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Article The changing value of money

Auroville: A universal township, which encourages a cashless economy

Quaint, narrow roads, quiet, peaceful and a beautiful green city-in-the-making that looks more like a big town could be the first impression one gets of Auroville. Founded by The Mother, who was the spiritual collaborator of Sri Aurobindo, a famous yogi and a poet, the foundation for Auroville was laid down on the 28th of Feb in 1968.

Mirra Alfassa, born in France, was named The Mother after she took over the charge of the Sri Aurobindo Ashram. The image of this universal city was an endeavoring towards the realization of human unity. As per the vision of its founders:

“Auroville belongs to nobody in particular.”

It is a place where universal brotherhood, unity and spirit of collaboration are encouraged. Here nature and the environment are respected. Alcohol consumption is strongly discouraged here. These are the Mother’s own words about her dream for Auroville and her words on herself.

The Panorama of Auroville

Lush tall trees, moss-green grass, very low pollution levels, red soil, dirt roads, Auroville units, small shops along roads, pathways leading into simple cottages and simple but elegant villas, houses, local temples, buildings, gardens, more than a hundred settlements and settlements named like the Certitude, Gratitude, Creativity, Grace and others. Locations and buildings like the Bharat Nivas, which is the Pavilion of India; the Pavilion for Tibetan Culture; the Visitor’s Centre and many beautiful guest houses and many other such places, make for a unique coming together of differences.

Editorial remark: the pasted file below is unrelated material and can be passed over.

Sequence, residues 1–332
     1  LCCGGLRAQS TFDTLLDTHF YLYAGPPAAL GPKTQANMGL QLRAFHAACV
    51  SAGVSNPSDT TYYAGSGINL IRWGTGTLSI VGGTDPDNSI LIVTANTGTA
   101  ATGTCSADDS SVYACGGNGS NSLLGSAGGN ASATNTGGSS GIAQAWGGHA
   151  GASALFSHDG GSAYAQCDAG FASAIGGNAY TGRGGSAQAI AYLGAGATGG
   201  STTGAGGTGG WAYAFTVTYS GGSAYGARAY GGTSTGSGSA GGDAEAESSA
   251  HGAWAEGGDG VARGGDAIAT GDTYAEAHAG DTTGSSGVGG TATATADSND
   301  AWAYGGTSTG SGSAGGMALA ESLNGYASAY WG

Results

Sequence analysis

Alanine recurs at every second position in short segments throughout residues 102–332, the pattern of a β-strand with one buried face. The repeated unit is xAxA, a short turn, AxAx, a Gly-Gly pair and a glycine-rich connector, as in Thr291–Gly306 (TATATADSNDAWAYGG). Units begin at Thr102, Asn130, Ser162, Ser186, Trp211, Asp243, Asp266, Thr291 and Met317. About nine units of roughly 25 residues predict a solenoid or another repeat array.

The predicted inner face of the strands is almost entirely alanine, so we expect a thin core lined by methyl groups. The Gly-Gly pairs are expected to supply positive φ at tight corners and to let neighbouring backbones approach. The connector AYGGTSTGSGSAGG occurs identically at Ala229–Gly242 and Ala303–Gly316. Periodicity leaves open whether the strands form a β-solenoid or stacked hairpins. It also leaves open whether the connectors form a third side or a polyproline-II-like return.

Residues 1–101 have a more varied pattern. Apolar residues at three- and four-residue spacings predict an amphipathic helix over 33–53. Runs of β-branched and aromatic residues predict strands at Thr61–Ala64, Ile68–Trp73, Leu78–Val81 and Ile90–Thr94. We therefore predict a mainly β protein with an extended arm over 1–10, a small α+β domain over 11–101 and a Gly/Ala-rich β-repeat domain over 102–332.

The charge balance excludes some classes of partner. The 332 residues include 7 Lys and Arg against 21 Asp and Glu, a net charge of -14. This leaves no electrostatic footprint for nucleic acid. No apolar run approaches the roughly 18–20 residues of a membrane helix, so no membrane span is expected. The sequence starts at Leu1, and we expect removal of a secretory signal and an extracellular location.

Reforestation has also taken place here on a large scale; what was once barren land is now an abundant belt of greenery and foliage everywhere your eyes go. Auroville Green Practices include work on the Sadhana Forest, and are worth discovering and volunteering for. The guiding light of The Mother and Sri Aurobindo in the lives of Aurovilians, is the crux of the city-to-be. Animals and birds abound aplenty and nature here is not tampered with. There are no malls here, no high-rise apartments, no sight of McDonalds or Pizza Hut. There are no large and colourful cinema theatres or clubs, either.

Aurovilians

Aurovilians are about 2300+ in number and are from almost about 50 nationalities. Indians, French, Germans, Italians, U.S. Americans, Russians, Dutch and individuals from other nationalities live as a collective community here. Look at the results on Auroville Population for close to the exact figures. Although this township was originally meant for 50,000 residents, there still is a shortage of residences in Auroville. It is envisaged that in the next thirty years, Aurovilians would complete the 50,000 mark; however, at present the idea is not to gain numbers, but to further the vision of The Mother.